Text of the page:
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Dysregulation of FGFR signalling by a selective inhibitor reduces germ cell survival in human fetal gonads of both sexes and alters the somatic niche in fetal testes

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STUDY QUESTION: Does experimental manipulation of fibroblast growth factor 9 (FGF9)-signalling in human fetal gonads alter sex-specific gonadal differentiation? SUMMARY ANSWER: Inhibition of FGFR signalling following SU5402 treatment impaired germ cell survival in both sexes and severely altered the developing somatic niche in testes, while stimulation of FGF9 signalling promoted Sertoli cell proliferation in testes and inhibited meiotic entry of germ cells in ovaries. WHAT IS KNOWN ALREADY: Sex-specific differentiation of bipotential gonads involves a complex signalling cascade that includes a combination of factors promoting either testicular or ovarian differentiation and inhibition of the opposing pathway. In mice, FGF9/FGFR2 signalling has been shown to promote testicular differentiation and antagonize the female developmental pathway through inhibition of WNT4. STUDY DESIGN, SIZE, DURATION: FGF signalling was manipulated in human fetal gonads in an established ex vivo culture model by treatments with recombinant FGF9 (25 ng/ml) and the tyrosine kinase inhibitor SU5402 (10 μM) that was used to inhibit FGFR signalling. Human fetal testis and ovary tissues were cultured for 14 days and effects on gonadal development and expression of cell lineage markers were determined. PARTICIPANTS/MATERIALS, SETTING, METHODS: Gonadal tissues from 44 male and 33 female embryos/fetuses from first trimester were used for ex vivo culture experiments. Tissues were analyzed by evaluation of histology and immunohistochemical analysis of markers for germ cells, somatic cells, proliferation and apoptosis. Culture media were collected throughout the experimental period and production of steroid hormone metabolites was analyzed in media from fetal testis cultures by liquid chromatography-tandem mass spectrometry (LC-MS/MS). MAIN RESULTS AND THE ROLE OF CHANCE: Treatment with SU5402 resulted in near complete loss of gonocytes (224 vs. 14 OCT4+ cells per mm2, P < 0.05) and oogonia (1456 vs. 28 OCT4+ cells per mm2, P < 0.001) in human fetal testes and ovaries, respectively. This was a result of both increased apoptosis and reduced proliferation in the germ cells. Addition of exogenous FGF9 to the culture media resulted in a reduced number of germ cells entering meiosis in fetal ovaries (102 vs. 60 γH2AX+ germ cells per mm2, P < 0.05), while in fetal testes FGF9 stimulation resulted in an increased number of Sertoli cells (2503 vs. 3872 SOX9+ cells per mm2, P < 0.05). In fetal testes, inhibition of FGFR signalling by SU5402 treatment altered seminiferous cord morphology and reduced the AMH expression as well as the number of SOX9-positive Sertoli cells (2503 vs. 1561 SOX9+ cells per mm2, P < 0.05). In interstitial cells, reduced expression of COUP-TFII and increased expression of CYP11A1 and CYP17A1 in fetal Leydig cells was observed, although there were no subsequent changes in steroidogenesis.N/A. LIMITATIONS, REASONS FOR CAUTION: Ex vivo culture may not replicate all aspects of fetal gonadal development and function in vivo. Although the effects of FGF9 were studied in ex vivo culture experiments, there is no direct evidence that FGF9 acts in vivo during human fetal gonadogenesis. The FGFR inhibitor (SU5402) used in this study is not specific to FGFR2 but inhibits all FGF receptors and off-target effects on unrelated tyrosine kinases should be considered. WIDER IMPLICATIONS OF THE FINDINGS: The findings of this study suggest that dysregulation of FGFR-mediated signalling may affect both testicular and ovarian development, in particular impacting the fetal germ cell populations in both sexes. STUDY FUNDING/COMPETING INTEREST(S): This work was supported in part by an ESPE Research Fellowship, sponsored by Novo Nordisk A/S to A.JØ. Additional funding was obtained from the Erichsen Family Fund (A.JØ.), the Aase and Ejnar Danielsens Fund (A.JØ.), the Danish Government's support for the EDMaRC programme (A.JU.) and a Wellcome Trust Intermediate Clinical Fellowship (R.T.M., Grant no. 098522). The Medical Research Council (MRC) Centre for Reproductive Health (R.T.M.) is supported by an MRC Centre Grant (MR/N022556/1). The authors have no conflict of interest to disclose.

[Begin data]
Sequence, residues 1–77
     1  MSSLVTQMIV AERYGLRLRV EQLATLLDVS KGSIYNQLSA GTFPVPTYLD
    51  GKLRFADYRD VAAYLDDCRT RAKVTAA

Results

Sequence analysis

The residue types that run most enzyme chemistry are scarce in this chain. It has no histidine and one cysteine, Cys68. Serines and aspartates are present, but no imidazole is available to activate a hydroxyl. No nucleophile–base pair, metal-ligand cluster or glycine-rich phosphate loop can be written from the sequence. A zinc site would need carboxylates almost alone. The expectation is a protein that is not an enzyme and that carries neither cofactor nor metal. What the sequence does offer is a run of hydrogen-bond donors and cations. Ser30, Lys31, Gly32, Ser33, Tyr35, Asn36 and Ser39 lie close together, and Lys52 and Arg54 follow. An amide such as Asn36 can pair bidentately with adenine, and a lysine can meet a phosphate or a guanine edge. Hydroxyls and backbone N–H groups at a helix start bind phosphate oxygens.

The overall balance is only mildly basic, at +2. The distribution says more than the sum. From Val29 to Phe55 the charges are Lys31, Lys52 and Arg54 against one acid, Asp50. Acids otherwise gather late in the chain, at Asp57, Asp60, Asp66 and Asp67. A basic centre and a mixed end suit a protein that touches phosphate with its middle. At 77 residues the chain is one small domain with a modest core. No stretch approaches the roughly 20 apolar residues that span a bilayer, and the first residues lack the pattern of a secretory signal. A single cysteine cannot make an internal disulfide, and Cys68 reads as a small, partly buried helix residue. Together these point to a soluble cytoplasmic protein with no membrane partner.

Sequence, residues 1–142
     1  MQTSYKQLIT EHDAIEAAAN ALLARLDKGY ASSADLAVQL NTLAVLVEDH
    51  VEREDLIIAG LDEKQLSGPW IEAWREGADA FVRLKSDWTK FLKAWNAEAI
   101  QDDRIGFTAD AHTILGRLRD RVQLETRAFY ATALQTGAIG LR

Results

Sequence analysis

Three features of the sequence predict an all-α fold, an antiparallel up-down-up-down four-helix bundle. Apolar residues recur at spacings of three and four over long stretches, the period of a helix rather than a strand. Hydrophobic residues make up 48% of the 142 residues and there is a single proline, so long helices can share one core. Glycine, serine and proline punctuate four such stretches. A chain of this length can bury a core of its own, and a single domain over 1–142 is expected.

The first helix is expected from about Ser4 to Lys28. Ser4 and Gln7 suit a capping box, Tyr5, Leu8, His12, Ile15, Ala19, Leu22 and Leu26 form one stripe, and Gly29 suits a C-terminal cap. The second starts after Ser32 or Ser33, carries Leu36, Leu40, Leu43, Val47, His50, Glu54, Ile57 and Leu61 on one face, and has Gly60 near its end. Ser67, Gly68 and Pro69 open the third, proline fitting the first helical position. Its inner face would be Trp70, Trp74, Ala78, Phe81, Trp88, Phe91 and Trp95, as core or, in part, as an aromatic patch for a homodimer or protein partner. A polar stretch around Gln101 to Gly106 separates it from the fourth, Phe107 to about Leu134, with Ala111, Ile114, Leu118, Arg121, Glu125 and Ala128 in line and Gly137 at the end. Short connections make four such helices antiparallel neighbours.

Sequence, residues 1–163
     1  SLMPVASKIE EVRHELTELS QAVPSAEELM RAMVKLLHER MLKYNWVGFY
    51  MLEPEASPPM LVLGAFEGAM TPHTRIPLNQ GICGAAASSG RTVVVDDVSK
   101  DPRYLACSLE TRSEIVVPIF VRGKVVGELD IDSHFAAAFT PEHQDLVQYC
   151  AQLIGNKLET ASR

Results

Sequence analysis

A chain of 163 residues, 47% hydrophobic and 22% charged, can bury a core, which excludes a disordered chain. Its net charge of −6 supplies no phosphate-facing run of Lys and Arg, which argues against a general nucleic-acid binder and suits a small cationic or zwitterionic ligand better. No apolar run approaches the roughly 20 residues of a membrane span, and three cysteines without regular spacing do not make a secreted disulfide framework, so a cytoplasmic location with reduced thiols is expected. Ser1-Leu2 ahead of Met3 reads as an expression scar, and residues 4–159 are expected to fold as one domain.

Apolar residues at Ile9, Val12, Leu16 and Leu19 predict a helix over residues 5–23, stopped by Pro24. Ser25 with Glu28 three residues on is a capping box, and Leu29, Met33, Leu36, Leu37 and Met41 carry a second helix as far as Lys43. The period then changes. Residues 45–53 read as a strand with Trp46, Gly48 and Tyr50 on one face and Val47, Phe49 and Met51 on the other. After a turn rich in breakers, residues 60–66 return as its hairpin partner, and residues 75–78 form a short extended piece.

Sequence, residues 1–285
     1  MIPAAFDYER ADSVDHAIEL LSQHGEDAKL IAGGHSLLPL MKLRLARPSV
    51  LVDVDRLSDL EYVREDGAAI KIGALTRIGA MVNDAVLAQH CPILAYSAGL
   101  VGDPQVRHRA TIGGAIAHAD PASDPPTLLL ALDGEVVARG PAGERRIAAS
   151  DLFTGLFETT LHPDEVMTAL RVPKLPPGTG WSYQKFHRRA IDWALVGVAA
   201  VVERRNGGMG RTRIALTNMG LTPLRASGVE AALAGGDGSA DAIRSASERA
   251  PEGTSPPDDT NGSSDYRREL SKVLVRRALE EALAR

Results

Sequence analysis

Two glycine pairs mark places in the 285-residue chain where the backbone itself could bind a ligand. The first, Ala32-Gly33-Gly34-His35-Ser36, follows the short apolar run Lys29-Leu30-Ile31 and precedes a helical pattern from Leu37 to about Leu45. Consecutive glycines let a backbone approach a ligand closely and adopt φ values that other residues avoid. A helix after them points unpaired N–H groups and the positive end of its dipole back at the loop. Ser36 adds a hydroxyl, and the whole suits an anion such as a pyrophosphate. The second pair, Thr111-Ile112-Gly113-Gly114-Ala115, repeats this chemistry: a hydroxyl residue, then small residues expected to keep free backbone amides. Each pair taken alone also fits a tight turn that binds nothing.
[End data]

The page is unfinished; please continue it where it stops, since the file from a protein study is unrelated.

OriginalsprogEngelsk
TidsskriftHuman reproduction (Oxford, England)
Vol/bind34
Udgave nummer11
Sider (fra-til)2228-2243
Antal sider16
ISSN0268-1161
DOI
StatusUdgivet - 1 nov. 2019

Bibliografisk note

© The Author(s) 2019. Published by Oxford University Press on behalf of the European Society of Human Reproduction and Embryology.

ID: 58384050